University of Winnipeg, Lung Association looking for TB patients from the past

A new project was launched this week in Winnipeg that is trying to identify patients who had tuberculosis (TB) and were sent to hospitals in Manitoba and the doctors who treated them.

For decades Indigenous people living with tuberculosis were sent to so-called Indian hospitals or sanatoriums across Canada.

Many children there faced the similar abuse experienced in residential schools.

The Manitoba Indigenous Tuberculosis Photo Project is a collaboration between the University of Winnipeg and the Manitoba Lung Association, formerly known as the Sanatorium Board of Manitoba.

The team is tasked with identifying patients and doctors from a series of approximately 150 photos donated by the Manitoba Lung Association.

“Our number one goal is to share the photos back to patients and back to communities,” said Erin Millions, a post-doctoral fellow at the U of W and one of the leads on the project.

“A lot of academic research projects aren’t designed to put the needs of the communities first and our goal is to respond to community requests and give those photos back.”

Don Courchene’s older brother Leonard was sent to a hospital for TB.

Now he’s flipping through a photobook filled with unidentified toddlers in cribs and children in matching pajamas with the hope of finding him.

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Courchene remembers the day Leonard was taken from their family home is Sagkeeng First Nation.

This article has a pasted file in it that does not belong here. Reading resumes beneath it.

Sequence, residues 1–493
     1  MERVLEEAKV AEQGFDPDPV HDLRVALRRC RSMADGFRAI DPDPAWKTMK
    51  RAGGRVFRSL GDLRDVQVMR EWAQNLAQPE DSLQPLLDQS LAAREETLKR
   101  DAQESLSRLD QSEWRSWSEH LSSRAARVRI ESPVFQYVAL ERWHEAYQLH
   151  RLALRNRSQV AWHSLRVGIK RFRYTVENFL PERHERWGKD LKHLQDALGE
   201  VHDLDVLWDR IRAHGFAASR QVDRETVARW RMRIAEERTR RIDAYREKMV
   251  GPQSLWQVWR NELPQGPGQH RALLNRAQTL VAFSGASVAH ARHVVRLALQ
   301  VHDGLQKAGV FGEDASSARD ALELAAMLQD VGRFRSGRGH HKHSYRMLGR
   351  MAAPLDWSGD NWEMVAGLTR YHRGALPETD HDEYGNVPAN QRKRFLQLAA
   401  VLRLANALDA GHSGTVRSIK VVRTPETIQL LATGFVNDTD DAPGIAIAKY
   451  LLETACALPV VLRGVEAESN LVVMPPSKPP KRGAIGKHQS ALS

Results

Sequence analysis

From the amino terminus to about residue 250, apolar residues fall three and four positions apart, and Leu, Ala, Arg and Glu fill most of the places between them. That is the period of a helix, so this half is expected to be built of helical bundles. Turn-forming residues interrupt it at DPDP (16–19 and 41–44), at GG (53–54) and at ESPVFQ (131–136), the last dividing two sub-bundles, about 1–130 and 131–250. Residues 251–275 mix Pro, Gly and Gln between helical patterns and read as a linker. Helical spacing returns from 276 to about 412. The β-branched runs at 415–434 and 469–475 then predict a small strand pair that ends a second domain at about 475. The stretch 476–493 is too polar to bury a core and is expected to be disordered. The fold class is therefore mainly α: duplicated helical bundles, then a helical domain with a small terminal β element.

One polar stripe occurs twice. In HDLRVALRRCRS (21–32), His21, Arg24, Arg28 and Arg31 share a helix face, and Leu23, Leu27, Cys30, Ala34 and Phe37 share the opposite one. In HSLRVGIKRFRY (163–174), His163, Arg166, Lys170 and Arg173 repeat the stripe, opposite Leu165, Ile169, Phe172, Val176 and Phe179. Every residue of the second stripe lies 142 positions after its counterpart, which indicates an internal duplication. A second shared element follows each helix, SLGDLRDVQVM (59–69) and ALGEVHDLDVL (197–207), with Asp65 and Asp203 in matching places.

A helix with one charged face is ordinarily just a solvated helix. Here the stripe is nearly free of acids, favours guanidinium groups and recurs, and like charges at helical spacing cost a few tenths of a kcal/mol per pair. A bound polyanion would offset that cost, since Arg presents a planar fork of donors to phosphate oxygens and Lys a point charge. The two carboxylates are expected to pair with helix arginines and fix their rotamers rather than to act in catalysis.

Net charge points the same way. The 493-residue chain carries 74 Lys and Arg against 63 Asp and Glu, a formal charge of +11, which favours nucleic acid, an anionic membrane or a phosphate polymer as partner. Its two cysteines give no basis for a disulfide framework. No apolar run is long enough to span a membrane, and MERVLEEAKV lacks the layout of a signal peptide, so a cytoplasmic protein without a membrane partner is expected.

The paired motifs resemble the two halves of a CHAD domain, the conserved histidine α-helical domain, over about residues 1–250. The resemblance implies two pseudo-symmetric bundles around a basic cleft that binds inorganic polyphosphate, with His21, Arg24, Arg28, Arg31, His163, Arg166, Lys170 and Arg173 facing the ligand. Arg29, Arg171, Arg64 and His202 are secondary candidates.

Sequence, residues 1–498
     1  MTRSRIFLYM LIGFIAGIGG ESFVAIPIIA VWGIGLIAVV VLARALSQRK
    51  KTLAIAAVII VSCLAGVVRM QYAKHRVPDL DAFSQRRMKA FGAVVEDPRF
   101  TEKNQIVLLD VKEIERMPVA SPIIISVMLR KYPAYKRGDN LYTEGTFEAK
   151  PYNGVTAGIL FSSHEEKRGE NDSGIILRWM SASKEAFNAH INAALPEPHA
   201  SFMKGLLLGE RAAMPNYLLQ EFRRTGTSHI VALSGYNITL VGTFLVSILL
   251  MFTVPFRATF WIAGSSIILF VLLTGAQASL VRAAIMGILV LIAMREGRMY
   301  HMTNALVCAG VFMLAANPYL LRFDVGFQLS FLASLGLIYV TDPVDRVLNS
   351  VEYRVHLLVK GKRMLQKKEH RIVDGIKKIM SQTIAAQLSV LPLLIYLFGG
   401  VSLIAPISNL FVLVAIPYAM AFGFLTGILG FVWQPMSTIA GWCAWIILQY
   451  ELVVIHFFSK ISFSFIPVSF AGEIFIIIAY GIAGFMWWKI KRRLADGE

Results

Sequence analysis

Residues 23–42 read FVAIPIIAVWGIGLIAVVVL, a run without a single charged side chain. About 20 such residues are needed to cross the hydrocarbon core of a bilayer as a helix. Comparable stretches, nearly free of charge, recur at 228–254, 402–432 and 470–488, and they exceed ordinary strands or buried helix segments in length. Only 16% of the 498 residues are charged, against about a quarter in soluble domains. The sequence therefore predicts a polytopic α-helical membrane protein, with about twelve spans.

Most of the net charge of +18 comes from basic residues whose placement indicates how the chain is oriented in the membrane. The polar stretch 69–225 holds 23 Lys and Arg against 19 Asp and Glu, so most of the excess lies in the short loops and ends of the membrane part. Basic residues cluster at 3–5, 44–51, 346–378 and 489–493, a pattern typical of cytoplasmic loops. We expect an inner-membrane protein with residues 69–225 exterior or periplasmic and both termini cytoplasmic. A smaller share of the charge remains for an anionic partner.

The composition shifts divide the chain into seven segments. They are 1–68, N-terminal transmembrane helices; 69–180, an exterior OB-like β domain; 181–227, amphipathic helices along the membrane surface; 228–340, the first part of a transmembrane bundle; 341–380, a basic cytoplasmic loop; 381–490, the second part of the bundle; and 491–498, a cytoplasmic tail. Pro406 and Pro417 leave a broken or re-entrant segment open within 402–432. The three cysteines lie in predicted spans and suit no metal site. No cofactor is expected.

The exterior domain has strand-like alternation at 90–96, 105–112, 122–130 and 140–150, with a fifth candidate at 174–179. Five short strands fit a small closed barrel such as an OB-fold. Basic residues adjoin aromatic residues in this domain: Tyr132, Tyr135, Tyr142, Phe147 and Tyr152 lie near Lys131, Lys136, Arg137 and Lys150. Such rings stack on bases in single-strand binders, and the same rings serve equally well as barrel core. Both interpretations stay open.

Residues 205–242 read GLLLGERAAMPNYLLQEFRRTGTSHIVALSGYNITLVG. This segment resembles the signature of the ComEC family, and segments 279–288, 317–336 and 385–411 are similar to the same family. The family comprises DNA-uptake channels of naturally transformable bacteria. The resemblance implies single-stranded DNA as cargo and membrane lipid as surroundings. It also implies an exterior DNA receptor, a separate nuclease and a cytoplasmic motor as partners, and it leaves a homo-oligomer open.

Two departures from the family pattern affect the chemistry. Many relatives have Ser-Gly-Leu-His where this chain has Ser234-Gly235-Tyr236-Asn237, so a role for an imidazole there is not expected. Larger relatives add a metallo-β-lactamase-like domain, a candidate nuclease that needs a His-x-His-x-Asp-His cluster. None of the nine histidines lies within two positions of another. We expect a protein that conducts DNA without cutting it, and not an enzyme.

It happened in the early 60s when Courchene was a young child.

“One day you’re living together and then the next day he’s gone and we don’t know where he’s gone,” said Courchene.

Leonard was in his early teens when he was sent to a sanatorium in Manitoba.

It would be years before Leonard returned home.

“It’s a lost feeling like where are they gone? You don’t see them anymore,” said Courchene.

Courchene took some time to scan the photos while on a short break.

While he didn’t find his brother, he said he would be back to finish viewing the rest of the photos.

The project set up a booth a block away from the second National Elders Gathering in Winnipeg with hopes of reaching a wide audience.

The project was originally supposed to be a social media campaign but Millions said this changed with direction from the university’s Indigenous Advisory Council.

“Indigenous ex-patients, their families, their descendants and communities are sort of clamouring for this sort of engagement with them about these histories of Indigenous health history,” she said.

A class action lawsuit was launched by survivors against the federal government in 2018.

Millions said hearing some of the stories from survivors has been ‘heartbreaking.’

“These are kids who were sent away for medical treatment. We know that in the hospitals and sanatoriums, as in residential schools, it was underfunded, it was underpaid, patients received sub par treatment. There was abuse,” she said.

Millions hopes to take the photos to other communities in Manitoba.

In the meantime, the group will be posting photos on their Facebook and Twitter pages.

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